FILM REVIEW: Girdiron Gang (2006)

There are certain movies that you know are going to be inspirational before you even put them into your Blu-ray player or go to see them at the movies. Movies that you are know are made with the intent to make you cry or be inspired for growth. Movies like Miracle, Coach Carter, Rocky, Field of Dreams & more. Movies that make you root for the underdog. Embrace the truth of even when life gets hard that there is always tomorrow. That there is a moment of light that is going to come out of the darkness. Sadly, as quickly as these movies inspire us, they fade from us just as quick. There are some exceptions to the rule.

Though, I’m not sure if  2006’s Gridiron Gang, is an exception to that rule or not. Gridiron Gang tells the story of Sean Porter, played by Dwayne Johnson, who is a prison guard. He convinces the state to allow him to put together a football team of juvenile intimates to break statistics and grow to become better people; to inspire them. What makes this one a bit more inspirational is the reality the film is based on, the 1990 season of the Kilpatrick Mustangs.

Sometimes a movie is only as good as your lead and that can somewhat be the case here. Johnson has proven himself over and over again as an actor. Even when the material may not be the best, Johnson is still going to be the best thing about the film. Here as Porter Johnson plays a blunt coach who can be hard but his belief is the driving force. Johnson has numerous inspirational monologues litter throughout the film. Though, that’s not the thing that makes his performance so fantastic. It’s the quiet character moments and heart behind Porter as a character. Johnson’s genuine heart bleeds through this performance with such strength and devotion. He is the single-handedly the anchor of the entire movie.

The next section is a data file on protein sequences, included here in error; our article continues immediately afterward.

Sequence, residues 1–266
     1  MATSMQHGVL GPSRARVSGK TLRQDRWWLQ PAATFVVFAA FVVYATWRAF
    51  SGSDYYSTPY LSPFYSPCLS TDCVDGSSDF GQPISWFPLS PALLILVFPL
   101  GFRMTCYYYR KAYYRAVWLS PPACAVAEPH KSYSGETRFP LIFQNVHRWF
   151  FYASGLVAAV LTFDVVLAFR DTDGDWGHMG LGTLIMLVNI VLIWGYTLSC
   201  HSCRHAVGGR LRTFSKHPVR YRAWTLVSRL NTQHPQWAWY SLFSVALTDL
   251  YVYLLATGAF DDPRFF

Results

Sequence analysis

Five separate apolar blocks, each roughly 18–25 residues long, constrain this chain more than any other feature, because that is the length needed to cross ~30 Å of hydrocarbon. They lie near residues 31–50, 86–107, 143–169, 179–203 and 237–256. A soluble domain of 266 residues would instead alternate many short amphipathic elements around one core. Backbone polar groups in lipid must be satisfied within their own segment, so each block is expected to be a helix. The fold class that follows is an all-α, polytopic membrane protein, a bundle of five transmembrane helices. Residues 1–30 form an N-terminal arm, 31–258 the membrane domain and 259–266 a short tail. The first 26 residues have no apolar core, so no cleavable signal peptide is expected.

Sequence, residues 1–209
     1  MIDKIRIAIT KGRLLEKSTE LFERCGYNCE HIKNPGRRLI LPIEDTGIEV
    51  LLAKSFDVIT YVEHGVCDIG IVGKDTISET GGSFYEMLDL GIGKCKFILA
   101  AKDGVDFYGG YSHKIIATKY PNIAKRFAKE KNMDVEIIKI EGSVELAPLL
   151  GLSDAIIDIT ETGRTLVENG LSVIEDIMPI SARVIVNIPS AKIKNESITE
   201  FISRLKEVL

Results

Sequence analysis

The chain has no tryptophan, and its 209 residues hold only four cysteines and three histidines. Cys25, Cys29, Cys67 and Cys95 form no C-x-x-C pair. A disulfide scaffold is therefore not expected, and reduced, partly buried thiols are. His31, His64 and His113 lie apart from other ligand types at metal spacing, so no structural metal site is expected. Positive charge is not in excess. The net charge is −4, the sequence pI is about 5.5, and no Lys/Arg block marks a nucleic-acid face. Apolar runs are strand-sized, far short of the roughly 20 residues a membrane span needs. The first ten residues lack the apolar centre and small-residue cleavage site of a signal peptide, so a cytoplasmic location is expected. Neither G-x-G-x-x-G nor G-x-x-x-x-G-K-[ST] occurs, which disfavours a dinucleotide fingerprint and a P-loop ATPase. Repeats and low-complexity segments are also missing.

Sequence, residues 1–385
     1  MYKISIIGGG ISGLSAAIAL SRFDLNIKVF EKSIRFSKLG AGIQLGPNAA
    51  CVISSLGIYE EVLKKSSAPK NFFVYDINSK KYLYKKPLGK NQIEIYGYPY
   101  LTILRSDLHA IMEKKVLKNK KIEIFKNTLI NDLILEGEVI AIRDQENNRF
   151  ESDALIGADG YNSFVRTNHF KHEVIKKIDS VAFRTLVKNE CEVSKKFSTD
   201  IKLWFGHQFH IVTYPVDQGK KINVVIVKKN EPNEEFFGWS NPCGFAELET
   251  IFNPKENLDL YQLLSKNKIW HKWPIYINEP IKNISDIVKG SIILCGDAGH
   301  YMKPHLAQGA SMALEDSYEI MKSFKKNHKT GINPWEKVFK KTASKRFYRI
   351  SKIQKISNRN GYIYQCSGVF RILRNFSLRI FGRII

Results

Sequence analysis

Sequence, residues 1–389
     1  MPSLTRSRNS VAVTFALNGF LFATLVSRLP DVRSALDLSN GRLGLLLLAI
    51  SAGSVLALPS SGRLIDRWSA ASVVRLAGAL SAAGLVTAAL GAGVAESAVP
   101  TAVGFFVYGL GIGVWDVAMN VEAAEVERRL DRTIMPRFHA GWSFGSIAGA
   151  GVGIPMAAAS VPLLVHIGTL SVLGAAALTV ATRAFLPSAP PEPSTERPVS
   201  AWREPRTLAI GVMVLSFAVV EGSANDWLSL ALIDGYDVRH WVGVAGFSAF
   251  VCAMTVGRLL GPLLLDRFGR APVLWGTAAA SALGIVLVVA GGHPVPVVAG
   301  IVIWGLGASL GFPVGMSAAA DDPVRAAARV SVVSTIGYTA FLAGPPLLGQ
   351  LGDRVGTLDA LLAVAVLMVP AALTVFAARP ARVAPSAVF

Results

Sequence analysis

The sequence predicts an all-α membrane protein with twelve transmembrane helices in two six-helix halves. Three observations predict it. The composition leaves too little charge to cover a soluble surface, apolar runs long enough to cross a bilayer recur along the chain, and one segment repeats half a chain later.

That’s when the real issues of this film start to pour out though. Johnson is so good within the confides of this movie, he actually outshines the rest of his team. Xzibit, of Pimp My Ride, stars opposite Johnson as fellow guard, Malcolm Moore. When he’s needed to Xzibit can raise to the occasion of being a dramatic actor. For the most, however, his signature smile and the other cast mates slowly blend together. The biggest downfall of this picture though would actually be the cast of characters that make up the football team, itself. The film favors racial stereotypes and clichés over actual character development. These moments do play into some of Johnson’s strengths. In comparison, though weaken the film as a whole. Then there are these moments with no dialogue, but overpowered with music. There are times where the score, by Trevor Rabin, does work. Though the inspirational nature of the music starts to become repetitive before the film even hits the halfway mark.


Overall, Gridiron Gang, is an inspiring story with an even more inspiring performance from the film’s lead, Dwayne Johnson. Johnson dares to, and succeeds, outshine every other cast member. Gridiron is riddled with racial stereotypes and clichés rather than actual character development. A solid musical score, while excellent at times, feels overdrawn and too repetitive by the time the film starts the portion of the credits. Gridiron Gang does indeed inspire and will move you. Just won’t win the game in the end.



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